You're writing about a code for best-sellers that does not really exist, although quite a few experts have tried to decipher it. Should such a code really exist, then it would enable writers to churn out best-sellers, one after another, according to its instructions.

Well, it's quite easy to produce some best-sellers. But I'm not interested in these international production line offerings that have published the same thing over decades. Another reason why this can't work is that the success of a book is not only based on the book itself but also on the surrounding general mood. To be successful, the book needs a public that sees it as relevant; it needs to connect to current cultural debates, the hot topics of the present. 

In this regard, it's hard to plan anything. After all, publishers plan out book publications some two to three years in advance. Another reason why it's hard to plan is that you cannot simply transfer a book's relevance from one country to another. That's why only few books become international best-sellers. Each country has its own debates and its own general mood. National best-sellers function like thermometers in that they measure the public mood in a given society while identifying the causes of anger, worry, longings, yearnings and fears.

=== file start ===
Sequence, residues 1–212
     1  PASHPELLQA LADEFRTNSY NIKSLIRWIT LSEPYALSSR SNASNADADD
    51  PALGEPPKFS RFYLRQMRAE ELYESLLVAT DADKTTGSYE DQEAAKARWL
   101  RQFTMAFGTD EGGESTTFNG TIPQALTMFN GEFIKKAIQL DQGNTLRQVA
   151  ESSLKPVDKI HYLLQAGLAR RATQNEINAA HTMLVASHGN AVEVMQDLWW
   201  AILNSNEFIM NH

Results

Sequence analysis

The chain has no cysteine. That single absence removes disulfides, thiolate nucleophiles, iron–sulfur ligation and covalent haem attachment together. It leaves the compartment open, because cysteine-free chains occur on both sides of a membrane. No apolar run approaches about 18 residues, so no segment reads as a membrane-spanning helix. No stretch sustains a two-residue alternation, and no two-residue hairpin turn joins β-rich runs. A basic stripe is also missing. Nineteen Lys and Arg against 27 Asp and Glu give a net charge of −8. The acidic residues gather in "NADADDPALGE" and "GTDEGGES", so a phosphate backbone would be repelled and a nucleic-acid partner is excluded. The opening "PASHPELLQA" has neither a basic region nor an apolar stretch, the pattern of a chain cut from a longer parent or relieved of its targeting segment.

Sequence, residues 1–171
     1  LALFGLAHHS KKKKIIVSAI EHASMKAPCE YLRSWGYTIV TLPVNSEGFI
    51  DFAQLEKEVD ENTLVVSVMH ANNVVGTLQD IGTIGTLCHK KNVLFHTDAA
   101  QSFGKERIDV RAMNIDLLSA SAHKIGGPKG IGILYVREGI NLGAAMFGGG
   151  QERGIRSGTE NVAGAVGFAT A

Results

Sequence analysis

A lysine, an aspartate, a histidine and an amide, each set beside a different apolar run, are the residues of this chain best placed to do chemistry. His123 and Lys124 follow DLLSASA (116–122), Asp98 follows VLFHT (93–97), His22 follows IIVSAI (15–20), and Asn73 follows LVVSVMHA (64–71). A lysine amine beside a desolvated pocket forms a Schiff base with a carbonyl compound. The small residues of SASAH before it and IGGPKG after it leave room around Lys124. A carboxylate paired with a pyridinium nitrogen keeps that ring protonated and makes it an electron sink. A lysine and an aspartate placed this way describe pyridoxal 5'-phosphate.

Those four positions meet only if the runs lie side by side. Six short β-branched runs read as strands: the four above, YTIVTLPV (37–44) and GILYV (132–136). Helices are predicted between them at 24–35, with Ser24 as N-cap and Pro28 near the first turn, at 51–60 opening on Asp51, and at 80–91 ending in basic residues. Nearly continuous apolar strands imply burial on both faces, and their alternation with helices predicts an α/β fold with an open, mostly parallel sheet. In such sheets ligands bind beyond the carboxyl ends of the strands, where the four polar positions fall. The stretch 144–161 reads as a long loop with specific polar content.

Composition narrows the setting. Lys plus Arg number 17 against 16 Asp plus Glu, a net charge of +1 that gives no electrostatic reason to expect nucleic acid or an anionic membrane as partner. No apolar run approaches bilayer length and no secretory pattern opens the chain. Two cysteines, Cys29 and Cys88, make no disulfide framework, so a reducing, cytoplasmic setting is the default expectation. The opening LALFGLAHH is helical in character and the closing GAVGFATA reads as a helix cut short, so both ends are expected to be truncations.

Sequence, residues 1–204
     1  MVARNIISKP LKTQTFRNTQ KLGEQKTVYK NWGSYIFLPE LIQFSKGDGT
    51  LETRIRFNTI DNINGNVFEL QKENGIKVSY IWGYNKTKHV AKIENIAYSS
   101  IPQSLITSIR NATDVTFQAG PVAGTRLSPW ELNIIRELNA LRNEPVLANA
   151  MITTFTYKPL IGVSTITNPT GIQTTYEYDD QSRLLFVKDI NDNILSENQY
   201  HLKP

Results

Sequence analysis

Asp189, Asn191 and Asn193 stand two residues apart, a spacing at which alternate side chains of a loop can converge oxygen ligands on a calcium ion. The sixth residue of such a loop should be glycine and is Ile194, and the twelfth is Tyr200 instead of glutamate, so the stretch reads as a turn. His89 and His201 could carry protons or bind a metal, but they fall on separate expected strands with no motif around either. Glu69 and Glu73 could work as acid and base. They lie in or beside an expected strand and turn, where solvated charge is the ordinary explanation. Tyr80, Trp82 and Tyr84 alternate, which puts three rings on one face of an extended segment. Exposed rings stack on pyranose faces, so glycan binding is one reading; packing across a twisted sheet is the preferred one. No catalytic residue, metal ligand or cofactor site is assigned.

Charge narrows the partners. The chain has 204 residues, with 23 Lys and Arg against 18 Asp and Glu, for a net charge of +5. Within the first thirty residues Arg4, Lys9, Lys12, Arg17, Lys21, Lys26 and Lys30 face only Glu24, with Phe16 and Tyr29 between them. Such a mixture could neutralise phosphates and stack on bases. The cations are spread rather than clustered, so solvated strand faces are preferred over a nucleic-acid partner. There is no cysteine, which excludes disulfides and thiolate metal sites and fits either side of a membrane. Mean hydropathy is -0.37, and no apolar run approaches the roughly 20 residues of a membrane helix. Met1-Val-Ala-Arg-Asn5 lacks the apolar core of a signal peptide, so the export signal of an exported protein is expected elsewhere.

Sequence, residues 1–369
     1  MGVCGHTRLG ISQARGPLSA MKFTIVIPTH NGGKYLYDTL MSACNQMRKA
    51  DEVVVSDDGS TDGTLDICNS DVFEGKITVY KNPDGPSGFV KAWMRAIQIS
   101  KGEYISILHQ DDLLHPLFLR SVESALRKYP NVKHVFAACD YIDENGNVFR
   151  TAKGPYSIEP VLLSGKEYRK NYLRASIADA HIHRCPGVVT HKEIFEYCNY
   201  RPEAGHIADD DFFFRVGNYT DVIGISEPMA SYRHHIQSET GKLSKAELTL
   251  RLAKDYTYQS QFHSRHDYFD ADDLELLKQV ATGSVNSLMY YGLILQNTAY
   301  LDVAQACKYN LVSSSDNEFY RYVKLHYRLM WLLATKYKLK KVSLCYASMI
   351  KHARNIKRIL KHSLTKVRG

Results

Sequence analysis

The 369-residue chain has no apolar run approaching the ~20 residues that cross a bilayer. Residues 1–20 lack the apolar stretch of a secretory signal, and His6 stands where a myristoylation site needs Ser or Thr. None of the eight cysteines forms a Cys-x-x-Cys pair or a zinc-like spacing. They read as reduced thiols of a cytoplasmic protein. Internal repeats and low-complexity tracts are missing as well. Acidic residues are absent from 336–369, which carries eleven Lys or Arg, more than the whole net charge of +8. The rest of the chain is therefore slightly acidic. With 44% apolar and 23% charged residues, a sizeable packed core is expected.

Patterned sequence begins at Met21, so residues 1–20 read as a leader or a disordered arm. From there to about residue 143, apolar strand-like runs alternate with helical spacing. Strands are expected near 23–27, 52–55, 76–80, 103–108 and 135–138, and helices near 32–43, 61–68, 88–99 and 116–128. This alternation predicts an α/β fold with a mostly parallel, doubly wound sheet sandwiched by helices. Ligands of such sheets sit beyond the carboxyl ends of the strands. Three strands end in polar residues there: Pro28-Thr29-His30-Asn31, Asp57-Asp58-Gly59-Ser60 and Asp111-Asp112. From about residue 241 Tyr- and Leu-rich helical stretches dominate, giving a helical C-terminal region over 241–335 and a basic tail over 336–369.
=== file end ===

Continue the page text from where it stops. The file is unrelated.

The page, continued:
The German author and literary critic Jörg Magenau has worked numerous German newspapers as a writer and editor. His book "Bestseller: Books that we love — and what they reveal about us" ("Bücher, die wir lieben — und was sie über uns verraten") was published in German February 2018.